The purpose of these reactions is to release energy stored in the sugar molecule. To explain that process, one must know that a sugar molecule consists of carbon, hydrogen, and oxygen atoms held together by means of chemical bonds. A chemical bond is a force of attraction between two atoms. That force of attraction is a form of energy. A sugar molecule with two dozen chemical bonds can be thought of as containing two dozen tiny units of energy. Each time a chemical bond is broken, one unit of energy is set free.
Phenylketonuria (PKU) is caused by decreased activity of phenylalanine hydroxylase (PAH), an enzyme that converts the amino acid phenylalanine to tyrosine , a precursor of several important hormones and skin, hair, and eye pigments. Decreased PAH activity results in accumulation of phenylalanine and a decreased amount of tyrosine and other metabolites. Persistent high levels of phenylalanine in the blood in turn result in progressive developmental delay, a small head circumference, behaviour disturbances, and seizures. Due to a decreased amount of the pigment melanin , persons with PKU tend to have lighter features, such as blond hair and blue eyes, than other family members who do not have the disease. Treatment with special formulas and with foods low in phenylalanine and protein can reduce phenylalanine levels to normal and maintain normal intelligence. However, rare cases of PKU that result from impaired metabolism of biopterin, an essential cofactor in the phenylalanine hydroxylase reaction, may not consistently respond to therapy.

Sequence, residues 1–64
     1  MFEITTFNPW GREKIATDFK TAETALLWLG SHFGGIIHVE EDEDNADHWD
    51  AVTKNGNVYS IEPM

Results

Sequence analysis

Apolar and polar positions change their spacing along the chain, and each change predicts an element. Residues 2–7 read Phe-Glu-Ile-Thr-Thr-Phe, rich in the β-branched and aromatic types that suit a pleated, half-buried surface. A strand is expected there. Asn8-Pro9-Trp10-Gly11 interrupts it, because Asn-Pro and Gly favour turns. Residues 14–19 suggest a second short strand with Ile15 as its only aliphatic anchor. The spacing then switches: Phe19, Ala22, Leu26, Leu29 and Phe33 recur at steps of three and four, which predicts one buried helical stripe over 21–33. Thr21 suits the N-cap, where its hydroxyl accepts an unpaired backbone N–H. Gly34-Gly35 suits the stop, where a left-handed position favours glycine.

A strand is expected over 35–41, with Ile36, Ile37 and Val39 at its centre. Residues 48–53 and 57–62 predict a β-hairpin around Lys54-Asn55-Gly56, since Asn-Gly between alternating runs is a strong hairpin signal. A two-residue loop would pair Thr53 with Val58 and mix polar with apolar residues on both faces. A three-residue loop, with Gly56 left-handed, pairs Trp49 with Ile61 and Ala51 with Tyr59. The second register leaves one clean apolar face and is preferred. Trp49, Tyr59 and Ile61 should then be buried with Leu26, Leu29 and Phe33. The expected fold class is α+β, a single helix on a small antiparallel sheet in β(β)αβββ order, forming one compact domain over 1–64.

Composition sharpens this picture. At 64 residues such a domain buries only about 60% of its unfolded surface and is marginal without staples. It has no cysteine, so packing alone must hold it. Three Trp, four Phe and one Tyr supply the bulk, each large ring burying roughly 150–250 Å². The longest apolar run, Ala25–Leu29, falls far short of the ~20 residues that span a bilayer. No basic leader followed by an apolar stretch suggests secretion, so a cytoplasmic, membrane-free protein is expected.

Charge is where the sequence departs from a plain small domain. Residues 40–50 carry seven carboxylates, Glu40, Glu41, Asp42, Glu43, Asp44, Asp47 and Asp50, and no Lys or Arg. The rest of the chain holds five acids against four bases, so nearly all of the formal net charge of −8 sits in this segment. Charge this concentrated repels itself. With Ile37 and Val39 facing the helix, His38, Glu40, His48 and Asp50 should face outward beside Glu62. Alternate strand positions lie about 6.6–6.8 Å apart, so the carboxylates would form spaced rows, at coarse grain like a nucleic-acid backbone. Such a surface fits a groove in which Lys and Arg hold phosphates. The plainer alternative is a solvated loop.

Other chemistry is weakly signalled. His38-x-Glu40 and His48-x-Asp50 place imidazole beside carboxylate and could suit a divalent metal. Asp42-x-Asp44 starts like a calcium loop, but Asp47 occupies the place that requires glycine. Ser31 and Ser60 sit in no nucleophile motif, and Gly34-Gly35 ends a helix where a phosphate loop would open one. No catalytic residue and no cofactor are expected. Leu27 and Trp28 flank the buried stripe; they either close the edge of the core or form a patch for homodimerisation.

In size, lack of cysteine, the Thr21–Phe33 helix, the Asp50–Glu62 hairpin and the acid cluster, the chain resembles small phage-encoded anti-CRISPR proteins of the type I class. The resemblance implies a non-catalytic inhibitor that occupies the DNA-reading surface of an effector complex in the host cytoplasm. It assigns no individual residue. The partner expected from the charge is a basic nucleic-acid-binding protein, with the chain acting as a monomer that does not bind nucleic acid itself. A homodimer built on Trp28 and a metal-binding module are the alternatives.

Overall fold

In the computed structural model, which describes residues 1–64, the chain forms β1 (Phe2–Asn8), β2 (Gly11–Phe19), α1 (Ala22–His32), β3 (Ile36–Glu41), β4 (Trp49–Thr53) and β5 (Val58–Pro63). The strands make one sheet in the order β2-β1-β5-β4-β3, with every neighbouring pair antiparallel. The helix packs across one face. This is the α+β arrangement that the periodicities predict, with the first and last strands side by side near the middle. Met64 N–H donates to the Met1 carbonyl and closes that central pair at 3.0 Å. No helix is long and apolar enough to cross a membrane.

Metabolism is a generic term for all the chemical reactions that break down or "burn" food to provide energy for the operation of an organism. The word "burn" is used advisedly, because the energy yield from a food in the human metabolic process is comparable to the energy obtained by actual combustion. The energy available from a food is commonly stated in dietary Calories, and the Calorie rating of a food may actually be obtained by burning it in a pure oxygen atmosphere in a calorimeter to measure the energy yield from this combustion.